Our review also found that examiners tend to focus almost exclusively on financial paperwork when determining the care and condition of wards. They rarely, if ever, see wards in person.

Experts say that requiring face-to-face check-ins can prevent guardians from hiding horrific situations and that judicial leaders tasked with appointing and overseeing examiners should require such visits. That’s what happens in Davidson County, Tennessee, which includes Nashville: Social services workers there visit wards, review their medical records and interview guardians and their doctors.

Only ten states nationwide require professional guardians to be certified by the Center for Guardianship Certification, the only national group of its kind. A handful of other states require guardians to be licensed by state agencies, in the same way as plumbers, barbers and other skilled professions.

New York requires neither. Under Article 81, prospective guardians need only take a daylong course to get certified.

Advocates say the state should mandate more stringent training. Guardians should also be required to take regular refresher courses, just as lawyers are, experts say.

Once certified, private guardians are required to attest that they haven’t been found to have violated any criminal, civil or professional rules. Nonprofits, however, undergo no such vetting. In fact, they are not even required to provide proof of their charitable status.

That’s a critical gap in oversight given the outsized role nonprofit organizations currently play in caring for the unbefriended.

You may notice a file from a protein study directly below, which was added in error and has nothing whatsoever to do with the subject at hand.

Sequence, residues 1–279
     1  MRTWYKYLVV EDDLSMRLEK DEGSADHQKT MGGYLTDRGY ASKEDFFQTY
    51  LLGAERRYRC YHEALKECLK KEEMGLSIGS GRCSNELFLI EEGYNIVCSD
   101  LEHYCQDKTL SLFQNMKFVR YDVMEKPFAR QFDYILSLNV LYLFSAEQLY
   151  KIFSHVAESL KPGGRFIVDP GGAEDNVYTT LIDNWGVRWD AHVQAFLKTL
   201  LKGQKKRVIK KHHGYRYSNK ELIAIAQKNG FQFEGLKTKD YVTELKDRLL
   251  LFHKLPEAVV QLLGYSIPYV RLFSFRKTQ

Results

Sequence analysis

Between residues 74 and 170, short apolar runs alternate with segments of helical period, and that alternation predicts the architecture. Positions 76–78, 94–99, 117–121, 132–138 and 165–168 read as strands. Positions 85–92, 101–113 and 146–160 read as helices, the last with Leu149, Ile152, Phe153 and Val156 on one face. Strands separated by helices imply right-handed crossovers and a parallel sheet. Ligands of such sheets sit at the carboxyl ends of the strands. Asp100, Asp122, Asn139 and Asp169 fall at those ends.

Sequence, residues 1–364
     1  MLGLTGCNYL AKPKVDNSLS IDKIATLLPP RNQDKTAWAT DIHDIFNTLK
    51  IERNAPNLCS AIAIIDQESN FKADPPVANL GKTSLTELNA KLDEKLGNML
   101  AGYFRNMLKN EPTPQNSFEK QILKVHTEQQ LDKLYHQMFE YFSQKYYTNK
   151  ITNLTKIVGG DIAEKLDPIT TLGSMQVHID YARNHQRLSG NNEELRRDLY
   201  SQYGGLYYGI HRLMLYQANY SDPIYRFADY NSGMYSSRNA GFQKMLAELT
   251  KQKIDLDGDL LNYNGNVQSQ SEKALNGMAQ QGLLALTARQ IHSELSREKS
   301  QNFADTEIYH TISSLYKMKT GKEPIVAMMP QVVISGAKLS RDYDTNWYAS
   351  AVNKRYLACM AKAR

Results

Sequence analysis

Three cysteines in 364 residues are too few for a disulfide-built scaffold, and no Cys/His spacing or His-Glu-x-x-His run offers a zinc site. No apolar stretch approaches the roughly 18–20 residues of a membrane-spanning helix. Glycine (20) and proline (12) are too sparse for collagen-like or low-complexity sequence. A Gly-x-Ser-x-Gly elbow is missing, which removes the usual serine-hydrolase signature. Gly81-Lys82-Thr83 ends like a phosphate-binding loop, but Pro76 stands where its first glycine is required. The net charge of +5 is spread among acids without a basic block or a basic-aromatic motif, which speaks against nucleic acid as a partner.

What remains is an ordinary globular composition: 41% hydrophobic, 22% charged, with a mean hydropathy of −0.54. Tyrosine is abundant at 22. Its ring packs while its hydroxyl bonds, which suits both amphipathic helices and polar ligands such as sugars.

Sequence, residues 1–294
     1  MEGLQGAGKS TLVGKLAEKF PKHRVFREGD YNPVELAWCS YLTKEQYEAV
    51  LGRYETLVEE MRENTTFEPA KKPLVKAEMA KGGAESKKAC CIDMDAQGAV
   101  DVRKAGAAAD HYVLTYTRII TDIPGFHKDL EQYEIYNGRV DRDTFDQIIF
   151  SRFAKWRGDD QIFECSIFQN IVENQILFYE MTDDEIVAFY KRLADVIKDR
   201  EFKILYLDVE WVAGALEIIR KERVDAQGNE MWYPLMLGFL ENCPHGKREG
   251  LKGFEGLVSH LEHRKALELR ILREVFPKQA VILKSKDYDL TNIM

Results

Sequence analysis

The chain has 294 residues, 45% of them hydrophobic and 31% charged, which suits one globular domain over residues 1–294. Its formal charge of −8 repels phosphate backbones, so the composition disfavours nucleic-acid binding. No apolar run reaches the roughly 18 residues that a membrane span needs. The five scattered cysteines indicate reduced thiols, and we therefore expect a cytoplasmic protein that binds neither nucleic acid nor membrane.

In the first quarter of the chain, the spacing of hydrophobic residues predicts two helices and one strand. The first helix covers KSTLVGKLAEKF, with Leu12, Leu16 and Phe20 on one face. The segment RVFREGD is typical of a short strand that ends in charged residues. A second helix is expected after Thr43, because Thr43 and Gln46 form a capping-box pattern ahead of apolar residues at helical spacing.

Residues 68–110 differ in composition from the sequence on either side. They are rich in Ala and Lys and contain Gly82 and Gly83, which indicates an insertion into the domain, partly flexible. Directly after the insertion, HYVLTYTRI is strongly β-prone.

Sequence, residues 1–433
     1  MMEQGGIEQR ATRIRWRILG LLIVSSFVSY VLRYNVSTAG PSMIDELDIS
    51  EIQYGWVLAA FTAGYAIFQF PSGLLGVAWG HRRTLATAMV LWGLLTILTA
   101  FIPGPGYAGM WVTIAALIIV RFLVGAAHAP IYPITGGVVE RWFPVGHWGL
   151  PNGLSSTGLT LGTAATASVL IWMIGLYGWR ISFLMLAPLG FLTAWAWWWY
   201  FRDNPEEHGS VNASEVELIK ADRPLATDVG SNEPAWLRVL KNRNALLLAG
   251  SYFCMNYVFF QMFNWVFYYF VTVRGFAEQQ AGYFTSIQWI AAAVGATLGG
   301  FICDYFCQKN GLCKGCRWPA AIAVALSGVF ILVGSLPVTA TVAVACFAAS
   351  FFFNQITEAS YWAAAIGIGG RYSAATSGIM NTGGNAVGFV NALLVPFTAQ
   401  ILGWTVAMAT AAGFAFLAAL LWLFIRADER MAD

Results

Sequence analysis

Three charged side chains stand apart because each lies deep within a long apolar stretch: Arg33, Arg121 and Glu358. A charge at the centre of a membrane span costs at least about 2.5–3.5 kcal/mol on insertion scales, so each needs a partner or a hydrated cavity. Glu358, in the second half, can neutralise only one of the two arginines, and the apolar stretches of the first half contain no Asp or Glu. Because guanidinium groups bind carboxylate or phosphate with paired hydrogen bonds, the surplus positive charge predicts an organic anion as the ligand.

In our investigation, we found that NYGS repeatedly represented itself as a nonprofit in its court filings and promotional material as it took on more and more cases. Yet authorities told us that the organization is not registered as a charity with the state attorney general’s office nor does it have tax-exempt status from the Internal Revenue Service.

Sam Blau, NYGS’ chief financial officer, declined to answer questions about the company’s tax status, but said in a statement that “a large percentage of our cases are done completely Pro Bono,” which “is certainly in line with our mission to help people of minimal financial means.”

Policing the nonprofit sector is critical, experts say, especially since charitable organizations are exempt from court rules that cap the number of cases and the amount of compensation guardians can receive annually.

One of the key indicators of a failing guardianship system involves caseloads that are higher than a 20:1 ratio of wards to staffers, according to a recent report by the country’s premier guardianship researchers. Some states, like Colorado and Virginia, recommend such a cap. But New York offers no guidance.

At New York Guardianship Services, the group ProPublica featured in its report this month, the ward-to-staff ratio has topped 83:1. One worker who was responsible for dozens of wards every day said she quit after six months because she couldn’t keep up with the unrelenting needs of the company’s clients. NYGS did not respond to questions about its caseloads.

Caseload caps, experts say, would improve services and help states more easily identify potential guardianship abuse.…Read more by Jake Pearson